The fiscal debacle in Greece is at least partly connected to minimizing (hiding?) deficits. In 2000 and 2000, Greece borrowed billions via currency swaps. But the fix was only temporary and the red ink has come back to haunt the country. (Gee, where have we heard this one before?)

Now the Fed is reportedly investigating the associated transactions, which were engineered by Goldman Sachs and other banks. Exactly where this leads is anyone’s guess, but the not-so-subtle implication is that Wall Street had a hand in undermining the fiscal stability of Greece. Or perhaps it’s more accurate to say that the big banks helped feed a country’s addiction to debt.
Banks are facilitators, of course. They provide monies to borrowers, one way or another. But sometimes the facilitator crosses the line. Figuring out where that line lies is never easy, although hindsight is 20/20.
What makes the situation with Greece particularly troubling is that the country really couldn’t afford to borrow the billions that the banks helped it tap. (Yes, that sounds familiar.) What’s more, the borrowing was done on the sly. While it all appears to be on the level in terms of the regulatory rules of the European Union, it’s not known if that standard will hold up under what’s sure to be intense scrutiny in the months ahead.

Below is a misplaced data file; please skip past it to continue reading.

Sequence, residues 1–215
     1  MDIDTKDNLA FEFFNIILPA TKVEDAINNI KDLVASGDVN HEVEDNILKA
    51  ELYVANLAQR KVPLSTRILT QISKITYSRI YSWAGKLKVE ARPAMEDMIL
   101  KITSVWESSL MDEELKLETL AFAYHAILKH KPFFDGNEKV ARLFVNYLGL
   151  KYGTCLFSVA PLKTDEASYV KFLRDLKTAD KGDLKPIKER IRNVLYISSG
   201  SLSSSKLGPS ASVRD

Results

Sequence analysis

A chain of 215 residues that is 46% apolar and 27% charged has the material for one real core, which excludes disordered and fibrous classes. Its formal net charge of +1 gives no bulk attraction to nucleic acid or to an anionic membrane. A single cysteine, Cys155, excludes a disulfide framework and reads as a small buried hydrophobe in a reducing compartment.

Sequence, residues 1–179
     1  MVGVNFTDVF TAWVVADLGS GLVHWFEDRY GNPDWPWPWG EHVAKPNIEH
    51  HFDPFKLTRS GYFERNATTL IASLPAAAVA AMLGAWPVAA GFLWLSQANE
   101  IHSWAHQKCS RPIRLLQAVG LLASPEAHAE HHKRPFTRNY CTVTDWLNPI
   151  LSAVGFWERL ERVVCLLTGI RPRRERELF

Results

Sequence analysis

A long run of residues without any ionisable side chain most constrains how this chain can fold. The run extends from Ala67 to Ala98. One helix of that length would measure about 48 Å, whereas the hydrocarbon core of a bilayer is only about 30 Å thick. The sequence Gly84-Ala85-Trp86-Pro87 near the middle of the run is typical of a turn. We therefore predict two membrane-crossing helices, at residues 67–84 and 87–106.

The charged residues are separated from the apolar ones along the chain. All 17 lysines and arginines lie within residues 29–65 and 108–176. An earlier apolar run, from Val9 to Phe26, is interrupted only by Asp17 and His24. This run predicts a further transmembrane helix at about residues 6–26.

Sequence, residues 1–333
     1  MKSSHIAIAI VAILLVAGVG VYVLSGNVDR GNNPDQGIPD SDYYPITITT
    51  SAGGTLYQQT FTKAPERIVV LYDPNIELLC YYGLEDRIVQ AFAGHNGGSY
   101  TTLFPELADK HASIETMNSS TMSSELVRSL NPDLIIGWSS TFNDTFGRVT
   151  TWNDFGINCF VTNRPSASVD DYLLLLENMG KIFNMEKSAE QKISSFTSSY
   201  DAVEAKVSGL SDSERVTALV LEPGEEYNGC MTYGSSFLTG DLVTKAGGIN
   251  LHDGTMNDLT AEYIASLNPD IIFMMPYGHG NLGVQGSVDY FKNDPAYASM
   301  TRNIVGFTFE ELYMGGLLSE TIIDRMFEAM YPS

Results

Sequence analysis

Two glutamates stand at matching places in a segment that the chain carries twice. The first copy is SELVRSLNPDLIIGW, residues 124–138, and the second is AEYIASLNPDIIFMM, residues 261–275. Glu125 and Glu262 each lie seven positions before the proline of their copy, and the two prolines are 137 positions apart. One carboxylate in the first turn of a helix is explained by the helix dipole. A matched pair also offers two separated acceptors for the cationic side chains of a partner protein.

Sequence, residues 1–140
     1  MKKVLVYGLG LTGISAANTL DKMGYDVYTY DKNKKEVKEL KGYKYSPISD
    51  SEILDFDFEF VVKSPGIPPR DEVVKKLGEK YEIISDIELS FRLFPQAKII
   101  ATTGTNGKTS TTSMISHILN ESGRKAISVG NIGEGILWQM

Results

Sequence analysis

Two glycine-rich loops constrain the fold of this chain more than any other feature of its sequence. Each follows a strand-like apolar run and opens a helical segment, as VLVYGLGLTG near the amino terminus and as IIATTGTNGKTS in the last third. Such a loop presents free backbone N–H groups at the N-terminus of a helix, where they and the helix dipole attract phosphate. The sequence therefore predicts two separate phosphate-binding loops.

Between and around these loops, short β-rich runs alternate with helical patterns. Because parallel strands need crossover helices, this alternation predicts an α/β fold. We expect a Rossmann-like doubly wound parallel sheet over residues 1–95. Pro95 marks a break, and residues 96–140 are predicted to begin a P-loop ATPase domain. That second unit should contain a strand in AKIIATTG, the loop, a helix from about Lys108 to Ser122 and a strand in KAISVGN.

In any case, Greece’s red ink is fast becoming a political topic in Washington. “I’m coming to the conviction that many times these devices are used to avoid regulatory constraints,” Senator Reed (D-Rhode Island) tells the New York Times. “In the case of Greece it might have been strictly legal, but clearly the intent was to avoid the budget limitations and budget restrictions of joining the European Community.”
Meanwhile, Fed Chairman Ben Bernanke via BusinessWeek advises that “using these instruments in a way that intentionally destabilizes a company or a country is — is counterproductive, and I’m sure the SEC will be looking into that. We’ll certainly be evaluating what we can learn from the activities of the holding companies.”
Sounds like the start of yet another round of hearings in Washington, with a front-row seat reserved for at least one large financial institution with offices in lower Manhattan.
As for the international perspective, it’s unclear how many other countries might be on the hook for similar transactions, but there may be a few more. Rest assured, the tide will eventually go out and all will be clear soon enough. Meantime, one might wonder if a lot of this is really just a game of musical chairs. If so, the music has stopped and there’s more than a few sovereigns looking for seats.
Brian Love of Reuters recently wrote that Greece’s problems with debt “mark a new phase in global financial crisis.” The full ramifications of that statement have only just started to leak out.